State lawmakers are debating a budget for the next two years, and people concerned about juvenile justice are keeping a close watch on one line-item – money set aside to build two new, secure treatment centers for delinquent kids. The Department of Juvenile Justice says that’s our best bet for dealing with young criminals, but some advocates for those kids disagree.
As a lawyer who works for kids in the justice system, Valerie Slater is convinced that prisons for young people are a mistake. It’s far better, she says, to keep youngsters at home, or close to home, so families can be part of a child’s recovery.
“Our young people can be rehabilitated. Why would we not invest in making sure that that rehabilitation happens close to home so that if support is needed for the family, so that they know how to be a good support system for that youth?," she wonders.
But the state’s secretary of public safety, Brian Moran, says Virginia needs at least one youth prison for especially violent kids. “Whether a murder or a rape or a robbery is committed by a 16-year-old or a 60-year-old it’s a heinous offense and the public demands punishment in many cases,” he explains.
So he helped plan a sixty-bed prison for youngsters in Chesapeake. “A little over half of our residents are from the Hampton Roads region, so putting that facility back in the Hampton Roads region made a lot of sense," Moran says. "We’re having the best national design, borrowing best practices from other states – what creates a better therapeutic setting for education, mental health counseling, for behavior modification.”
Not good enough says Valerie Slater, the juvenile justice advocate with a group called RISE for Youth. She claims 60 beds is too big, and Chesapeake is not the same as Norfolk or Newport News, where most offenders come from.
“Those communities are struggling, and they’re basically saying, ‘We know how to support our own. If we had the resources and if we had the assistance, we could tell you what we need, and if you really help us, we could even provide what our young people need.’ So let’s support them.”
In the end, Chesapeake’s City Council rejected the proposed facility, and the state is now talking about building in Isle of Wight, a 30 minute drive from Newport News and Norfolk. Slater objects, urging the state to instead invest in the low-income areas where so many juvenile offenders live.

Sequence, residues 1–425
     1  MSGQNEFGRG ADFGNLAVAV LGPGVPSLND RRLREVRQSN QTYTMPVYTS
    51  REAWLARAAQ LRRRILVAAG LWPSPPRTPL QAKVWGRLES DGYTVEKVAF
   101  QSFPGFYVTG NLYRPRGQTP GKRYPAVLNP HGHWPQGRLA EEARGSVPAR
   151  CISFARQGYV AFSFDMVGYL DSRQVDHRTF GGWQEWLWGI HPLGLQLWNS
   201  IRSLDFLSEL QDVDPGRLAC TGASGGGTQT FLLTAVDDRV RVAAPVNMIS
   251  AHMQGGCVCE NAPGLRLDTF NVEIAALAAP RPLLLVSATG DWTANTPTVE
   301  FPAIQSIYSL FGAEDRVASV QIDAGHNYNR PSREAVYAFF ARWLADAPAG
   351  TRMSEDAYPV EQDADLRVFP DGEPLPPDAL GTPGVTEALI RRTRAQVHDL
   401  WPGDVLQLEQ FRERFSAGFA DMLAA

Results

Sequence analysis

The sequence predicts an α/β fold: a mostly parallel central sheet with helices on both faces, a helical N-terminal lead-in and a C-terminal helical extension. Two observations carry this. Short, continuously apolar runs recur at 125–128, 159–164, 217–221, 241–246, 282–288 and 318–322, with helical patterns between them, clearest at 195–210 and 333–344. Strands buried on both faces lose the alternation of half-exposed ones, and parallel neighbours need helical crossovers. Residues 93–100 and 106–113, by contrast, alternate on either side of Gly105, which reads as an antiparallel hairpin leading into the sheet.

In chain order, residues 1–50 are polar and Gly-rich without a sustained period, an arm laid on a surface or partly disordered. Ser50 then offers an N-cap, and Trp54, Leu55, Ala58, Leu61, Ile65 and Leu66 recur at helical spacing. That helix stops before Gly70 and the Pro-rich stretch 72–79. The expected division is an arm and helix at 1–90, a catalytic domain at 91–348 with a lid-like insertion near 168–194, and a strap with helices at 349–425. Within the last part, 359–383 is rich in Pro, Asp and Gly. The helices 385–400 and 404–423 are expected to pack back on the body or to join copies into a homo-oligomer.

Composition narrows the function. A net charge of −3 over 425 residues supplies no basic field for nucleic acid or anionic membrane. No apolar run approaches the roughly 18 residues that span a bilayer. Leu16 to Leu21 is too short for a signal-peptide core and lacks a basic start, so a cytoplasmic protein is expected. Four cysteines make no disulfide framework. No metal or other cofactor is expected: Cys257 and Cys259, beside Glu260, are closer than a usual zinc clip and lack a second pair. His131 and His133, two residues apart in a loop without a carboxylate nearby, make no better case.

“Pour the money into the communities that need it and not into the middle of nowhere,” she says. “When you pour that level of resource into a community, that level of resource that is supportive and treatment-minded, and you’re bringing in also all of the economic support that comes along with all of those services, that really provides an opportunity to transform the entire community.”
But Andy Block, who heads the Department of Juvenile Justice, says that’s easier said than done. He thinks neighborhoods in Norfolk and Newport News are likely to object to the idea of a juvenile prison in their midst, and building smaller facilities in different communities would be more expensive.
“We looked at the cost of building four 40-bed facilities, and the construction costs are about $20 million more than the combined cost of what we’re talking now, and the operating costs, because you lose economies of scale, are even greater,” he explains.
It would be nice, of course, for inmates to be close to their families, but Block says Isle of Wight is close enough, especially since the department provides transportation for parents who want to visit. “Each year more than a thousand people take advantage of that. We’ve been having these big family events, and we have hundreds of parents show up to participate.”
But with RISE for Youth raising objections, he hears some lawmakers are getting cold feet – talking about building a single new youth prison at Beaumont, in central Virginia, near one of the old, shuttered facilities. The General Assembly is expected to decide the matter by mid-February.